Paul Lerner's feelings about the approaching Christmas season in his Northern California retirement community were similar to those he had about an impending dental appointment. Christmas meant going out, usually in the cold and fog, to lunches, dinners and parties, mingling with a lot of other old people, pretending to be jolly (ho, ho, ho), while, approaching 80 years old, he’d rather stay home in his warm house reading a good book, preferably with his big cat Rascalman, a comforting furry presence on his lap.
These feelings Paul tried to conceal from his wife Sally, five years younger, who still became excited when the holidays came, busying herself with baking cookies, sending cards, exchanging gifts with her women friends, and happy to go out to any event, no matter what it was. So far this year they’d gone to a bridge club potluck, an art club lunch and a travel club dinner. Now they were about to go to the singers party, Sally having been a member of their retirement community’s chorus for many years.
The singers’ party was usually a potluck in the community clubhouse, but this year someone had come up with the idea of having it at a nearby golf club and it was to be an elegant affair, everyone dressing up, with a sit-down dinner, to be followed by dancing to a real band. As Paul could have predicted, it was already getting foggy when they started out at six o’clock. Paul didn’t like to drive at night in the best conditions and he’d never been to that golf club before. The fog gave an unreal quality to the landscape, making it look completely different from the way it was in the daylight. He drove slowly and carefully, trying to give his full attention to the road while Sally obliviously chattered beside him. As it was, he almost missed the golf club entrance, which wasn’t very well lighted, and he was relieved when he finally parked their car.
Inside, a crowd was already in the club’s banquet room, chattering merrily away. Paul, who disliked crowds, stood by while Sally greeted her many friends in the chorus, women whose names he forgot from year to year. Finally, they were ordered to their tables and dinner was served. They’d paid quite a bit for their meals and Paul didn’t think his was that good, certainly not much better than at the potlucks. Dinner was followed by a raffle of door prizes. As usual at these events, Paul didn’t win anything; neither did Sally. Finally, the band came out, consisting of three performers, and the floor was cleared for dancing.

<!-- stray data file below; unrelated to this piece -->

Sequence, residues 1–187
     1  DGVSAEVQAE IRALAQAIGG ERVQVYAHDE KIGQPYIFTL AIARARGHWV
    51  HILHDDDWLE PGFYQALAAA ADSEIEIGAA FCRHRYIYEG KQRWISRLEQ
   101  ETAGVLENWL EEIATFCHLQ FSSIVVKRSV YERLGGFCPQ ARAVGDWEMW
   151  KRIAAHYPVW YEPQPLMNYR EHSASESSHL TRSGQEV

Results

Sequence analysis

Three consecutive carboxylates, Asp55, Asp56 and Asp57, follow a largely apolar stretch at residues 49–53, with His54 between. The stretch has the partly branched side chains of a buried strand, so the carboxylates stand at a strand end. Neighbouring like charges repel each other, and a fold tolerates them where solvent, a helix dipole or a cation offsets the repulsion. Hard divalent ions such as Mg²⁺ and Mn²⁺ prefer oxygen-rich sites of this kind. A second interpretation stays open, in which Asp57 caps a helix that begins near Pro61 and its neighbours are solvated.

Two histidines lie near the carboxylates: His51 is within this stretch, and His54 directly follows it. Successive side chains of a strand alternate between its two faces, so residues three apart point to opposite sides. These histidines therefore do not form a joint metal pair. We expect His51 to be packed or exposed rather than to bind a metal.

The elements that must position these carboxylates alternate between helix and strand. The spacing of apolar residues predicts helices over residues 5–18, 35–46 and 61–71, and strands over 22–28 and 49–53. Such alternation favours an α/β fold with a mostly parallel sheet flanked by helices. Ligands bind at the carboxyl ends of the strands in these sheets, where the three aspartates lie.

Paul had never been much of a dancer and now, with his arthritic hip and knees, preferred to be a spectator. But Sally was an enthusiastic dancer and when the bandleader announced they were having line dancing she jumped up and into the line. As it happened, Paul was sitting next to the husband of one of Sally’s friends, who was a golfer. While the dancing went on, he had to listen, or pretend to listen, to a lengthy account of adventures and misadventures on the golf course. He was more than ready to leave, hoping that the fog hadn’t already gotten too bad. He knew Rascalman would be waiting for him, ready to be stroked.
After one of the line dances, the band suddenly started on a slow melody. Sally came back to the table and held out her hands to him. “Come on,” she said. “Just one dance.” Well, thought Paul, at least he’d get away from the golf bore. They made their way to the middle of the dance floor and Paul did what he thought of as his shuffle, going a step or two back and forth. At the dance’s end, the band resumed its fast music and Paul went to the bar, thinking he deserved a drink.
From the bar, he watched the dancers, first Sally, then some of the others, a tall, thin woman who moved gracefully to the music, a still good-looking man with a full head of gray hair who knew all of the moves, two women dancing with each other, and suddenly he saw all the dancers as they were 50 years ago, in their teens or early 20’s, girls in short hair, plaid skirts, bobby sox, boys with duckass haircuts. A surge of compassion flowed through him, sadness and tenderness. They were all so young, so hopeful, so eager for the future. Paul shook his head and the youthful images were gone, replaced by the senior citizens they actually were, but now Paul saw them not as a bunch of futile oldsters but as a band of gallant warriors, bravely battling against the passage of time.
At nine o’clock, people finally began to leave. Paul told Sally they should be going and waited the usual half hour or so while she and her friends said good-bye to each other. He fully expected that a heavy fog would have settled in, but miraculously the fog had cleared, a few stars brightly shone and a full moon lighted their way home.